While the thought of paying for a wedding is a topic many brides-to-be (and grooms-to-be) would like to avoid altogether, it’s something that must be discussed. Today, we are tackling the dreaded wedding budget and trying to make it a bit less taboo. Paying for a wedding is one of the most expensive things you will do in your life. When I was getting married, I had no idea what certain things might cost or what percentage of my budget to dedicate to things like a photographer. We’ve helped you out by including a list of the percentage you should expect for certain items in your wedding here. We’ve also given you tips here about how to avoid some of the items that can add up at the last moment.
Things like the venue or bar tab could easily amount to way more than you initially expected. However, if you are adequately financially prepared (hello to my money savers out there), you can have the wedding of your dreams without going into debt.
One. Figure out who will be paying for the wedding. Many families opt to contribute a certain amount to help out with wedding expenses, which is so generous. If your family if intending to contribute, make sure you know how much they are expecting to give. once you have that amount, you and your fiance can decide how much the two of you need to come up with. If you families are not contributing, you and your fiance need to sit down and come up with an amount you are both comfortable spending on a wedding – and how much you can realistically contribute given your current income. Remember: it is not one person’s responsibility to pay for the wedding. It should be an equal contribution on both ends.
Two. Once you have narrowed down the financial contributors for your wedding, start doing the math. If you know you want to spend $30,000 on a wedding (the average price of a wedding in the U.S.), and you want to be engaged for a year prior to tying the knot, your average monthly contribution toward wedding expenses should be $2500 ($30,000/12). If that amount seems high, consider extending the length of your engagement so you have sufficient financial resources to pay that wedding bill, or consider cutting back on some of the items you want, but aren’t necessarily deal breakers if you don’t have them (i.e. keep your wedding photographer, but nix the wedding video). Don’t set unattainable goals- think about what is best for you and your partner in the long-term.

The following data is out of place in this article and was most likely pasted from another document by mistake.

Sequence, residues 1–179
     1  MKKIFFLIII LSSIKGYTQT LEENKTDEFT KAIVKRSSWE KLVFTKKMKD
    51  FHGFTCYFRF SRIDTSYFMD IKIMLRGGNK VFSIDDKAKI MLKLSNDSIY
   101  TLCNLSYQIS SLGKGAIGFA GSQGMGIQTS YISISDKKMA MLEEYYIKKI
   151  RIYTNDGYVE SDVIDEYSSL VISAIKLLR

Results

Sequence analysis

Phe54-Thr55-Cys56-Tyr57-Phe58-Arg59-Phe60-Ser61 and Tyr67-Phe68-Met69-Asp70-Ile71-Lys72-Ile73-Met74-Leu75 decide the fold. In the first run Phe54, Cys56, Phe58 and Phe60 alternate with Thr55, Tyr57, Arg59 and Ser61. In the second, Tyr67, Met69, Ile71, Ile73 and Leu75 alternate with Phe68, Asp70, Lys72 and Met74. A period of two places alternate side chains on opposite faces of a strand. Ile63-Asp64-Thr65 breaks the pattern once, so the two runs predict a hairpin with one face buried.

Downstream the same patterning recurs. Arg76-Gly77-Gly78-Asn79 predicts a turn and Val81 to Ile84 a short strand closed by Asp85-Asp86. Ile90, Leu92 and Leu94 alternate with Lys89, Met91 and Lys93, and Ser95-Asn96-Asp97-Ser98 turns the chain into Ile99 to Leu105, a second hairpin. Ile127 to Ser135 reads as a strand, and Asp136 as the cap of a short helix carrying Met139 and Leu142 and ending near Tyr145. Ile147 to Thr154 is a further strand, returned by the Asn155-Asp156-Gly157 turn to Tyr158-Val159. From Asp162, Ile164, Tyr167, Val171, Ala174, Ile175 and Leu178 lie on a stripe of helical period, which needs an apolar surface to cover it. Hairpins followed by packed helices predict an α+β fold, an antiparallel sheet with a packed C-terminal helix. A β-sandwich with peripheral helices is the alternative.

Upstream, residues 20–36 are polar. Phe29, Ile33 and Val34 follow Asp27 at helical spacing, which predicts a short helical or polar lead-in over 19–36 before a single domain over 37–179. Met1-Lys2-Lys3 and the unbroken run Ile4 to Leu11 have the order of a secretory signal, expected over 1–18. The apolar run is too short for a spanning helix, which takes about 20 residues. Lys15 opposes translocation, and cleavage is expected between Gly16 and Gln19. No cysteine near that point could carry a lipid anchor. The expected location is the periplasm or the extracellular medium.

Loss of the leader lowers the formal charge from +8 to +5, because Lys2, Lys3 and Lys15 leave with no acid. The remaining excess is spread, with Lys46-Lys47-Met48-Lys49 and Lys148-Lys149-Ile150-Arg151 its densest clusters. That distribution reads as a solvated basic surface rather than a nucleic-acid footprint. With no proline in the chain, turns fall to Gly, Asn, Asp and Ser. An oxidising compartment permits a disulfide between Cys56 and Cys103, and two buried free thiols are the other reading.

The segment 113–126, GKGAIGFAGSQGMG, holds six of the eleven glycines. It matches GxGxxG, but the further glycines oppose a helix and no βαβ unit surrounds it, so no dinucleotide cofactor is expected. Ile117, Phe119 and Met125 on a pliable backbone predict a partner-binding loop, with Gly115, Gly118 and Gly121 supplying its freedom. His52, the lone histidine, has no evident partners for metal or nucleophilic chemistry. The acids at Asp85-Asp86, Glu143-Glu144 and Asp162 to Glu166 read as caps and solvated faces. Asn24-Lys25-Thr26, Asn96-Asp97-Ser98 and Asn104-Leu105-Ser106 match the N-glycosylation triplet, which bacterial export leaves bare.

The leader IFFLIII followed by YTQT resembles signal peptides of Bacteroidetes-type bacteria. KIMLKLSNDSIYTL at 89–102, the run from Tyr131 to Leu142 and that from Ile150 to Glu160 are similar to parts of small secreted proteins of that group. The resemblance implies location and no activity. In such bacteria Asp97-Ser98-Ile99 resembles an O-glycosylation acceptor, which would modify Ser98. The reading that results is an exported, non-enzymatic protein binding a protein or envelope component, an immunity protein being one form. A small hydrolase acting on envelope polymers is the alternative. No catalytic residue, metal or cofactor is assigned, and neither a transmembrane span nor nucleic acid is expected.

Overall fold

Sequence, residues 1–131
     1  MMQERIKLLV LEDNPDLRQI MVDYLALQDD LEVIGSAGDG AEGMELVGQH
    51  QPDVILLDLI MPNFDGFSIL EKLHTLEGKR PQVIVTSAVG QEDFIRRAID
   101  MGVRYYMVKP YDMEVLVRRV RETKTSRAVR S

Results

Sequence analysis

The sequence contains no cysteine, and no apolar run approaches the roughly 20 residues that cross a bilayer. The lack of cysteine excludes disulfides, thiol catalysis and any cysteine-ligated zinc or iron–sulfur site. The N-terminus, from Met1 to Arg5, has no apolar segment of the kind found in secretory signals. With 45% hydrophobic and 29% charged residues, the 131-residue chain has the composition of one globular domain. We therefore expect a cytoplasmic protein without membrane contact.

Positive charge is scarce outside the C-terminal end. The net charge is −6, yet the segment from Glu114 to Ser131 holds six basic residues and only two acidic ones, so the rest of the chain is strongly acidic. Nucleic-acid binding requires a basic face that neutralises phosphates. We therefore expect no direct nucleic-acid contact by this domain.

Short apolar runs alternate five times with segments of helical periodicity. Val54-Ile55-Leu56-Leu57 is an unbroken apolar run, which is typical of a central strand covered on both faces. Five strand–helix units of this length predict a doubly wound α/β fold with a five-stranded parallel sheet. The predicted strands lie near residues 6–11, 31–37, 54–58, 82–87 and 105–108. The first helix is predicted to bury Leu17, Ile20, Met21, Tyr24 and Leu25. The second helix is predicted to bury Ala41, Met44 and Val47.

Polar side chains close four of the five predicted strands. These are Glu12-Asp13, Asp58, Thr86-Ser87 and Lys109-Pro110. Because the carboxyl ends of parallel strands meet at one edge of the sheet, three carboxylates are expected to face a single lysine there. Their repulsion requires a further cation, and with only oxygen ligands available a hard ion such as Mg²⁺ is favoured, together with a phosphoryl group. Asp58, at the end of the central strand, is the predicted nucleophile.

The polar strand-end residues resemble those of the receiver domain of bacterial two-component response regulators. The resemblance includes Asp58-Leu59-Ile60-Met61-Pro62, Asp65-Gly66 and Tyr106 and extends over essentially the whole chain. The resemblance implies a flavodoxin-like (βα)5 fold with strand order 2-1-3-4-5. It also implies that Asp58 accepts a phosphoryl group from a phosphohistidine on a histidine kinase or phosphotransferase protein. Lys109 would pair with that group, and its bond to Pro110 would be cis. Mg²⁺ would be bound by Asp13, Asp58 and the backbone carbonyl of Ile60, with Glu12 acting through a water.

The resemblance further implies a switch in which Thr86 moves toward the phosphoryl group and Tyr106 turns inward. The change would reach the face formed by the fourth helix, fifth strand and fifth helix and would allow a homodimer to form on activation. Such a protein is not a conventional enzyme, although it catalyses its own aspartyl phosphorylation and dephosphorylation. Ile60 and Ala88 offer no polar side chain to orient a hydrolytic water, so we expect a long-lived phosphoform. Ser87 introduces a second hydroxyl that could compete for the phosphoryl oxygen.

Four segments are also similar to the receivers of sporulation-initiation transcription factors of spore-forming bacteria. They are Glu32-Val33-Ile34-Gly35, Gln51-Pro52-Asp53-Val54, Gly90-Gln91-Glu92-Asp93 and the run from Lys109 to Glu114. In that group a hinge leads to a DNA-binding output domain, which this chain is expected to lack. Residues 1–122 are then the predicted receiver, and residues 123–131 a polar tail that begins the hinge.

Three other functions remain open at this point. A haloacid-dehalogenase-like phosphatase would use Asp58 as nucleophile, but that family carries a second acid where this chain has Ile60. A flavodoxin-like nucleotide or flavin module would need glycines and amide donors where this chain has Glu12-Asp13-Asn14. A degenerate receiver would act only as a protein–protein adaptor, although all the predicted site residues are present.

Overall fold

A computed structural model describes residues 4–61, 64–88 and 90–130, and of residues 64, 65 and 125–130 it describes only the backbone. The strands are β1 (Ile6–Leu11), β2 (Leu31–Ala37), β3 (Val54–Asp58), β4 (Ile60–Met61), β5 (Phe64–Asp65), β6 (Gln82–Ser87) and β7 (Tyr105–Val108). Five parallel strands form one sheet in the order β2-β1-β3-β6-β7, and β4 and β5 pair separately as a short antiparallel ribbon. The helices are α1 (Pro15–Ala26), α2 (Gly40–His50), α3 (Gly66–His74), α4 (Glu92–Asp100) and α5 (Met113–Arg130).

Three. Take a look at your personal spending habits and those small thing that add up. Are there certain things you could cut back temporarily that might help you pay for some of those wedding expenses? How about that monthly trip to the spa? Over the course of a year, a monthly spa tab of $100 equates to $1200, which is certainly a hefty contribution toward something like your floral tab. What about hitting pause on some of those monthly subscription boxes for a bit to save some money? Those excess items add up over time. Even eating out one meal less a week will help you save some money over the course of a year. Think about it – if you and your fiance partake in a (nicer) Friday night dinner complete with drinks – it’s easy to run up at least a $50 tab. Eliminating that meal out once a week could save you $150-$200 a month – an amount that adds up to close to $2,000 at the end of a year. What about that daily $5 latte? Cutting back on your daily latte on Mondays through Fridays alone, saves you $25 a week. In a month, that figure adds up to $100. And over the course of a year, giving up your daily latte, saves you $1200. That’s enough to cover wedding makeup and then some. Figure out what items are necessities and what items you might be willing to budge on to help you (smartly) achieve the wedding of your dreams. We don’t want you to forgo items you love, but we do really want you to have that photographer you really want.
Four. Use your credit cards strategically. You must think I’ve lost my mind? Remember where I mentioned above about not going into wedding debt? Well, I did mean that. However, there are also ways to use your credit cards strategically to make them work in your favor. Do you have a travel or rewards credit card? If so, why not put some of those big ticket items on those cards to rack up points in your favor? I am a Chase Southwest Rapid Rewards card holder, and I am a huge fan. This card allows you to receive an offer for 50,000 bonus points after you spend $2,000 on purchases in the first 3 months from account opening. (Click here to take advantage of this deal). We recommend you pay off that balance diligently each month. However, those 50,000 bonus points could easily count toward your honeymoon flight – saving you hundreds of dollars.
Let us know how you saved for your wedding!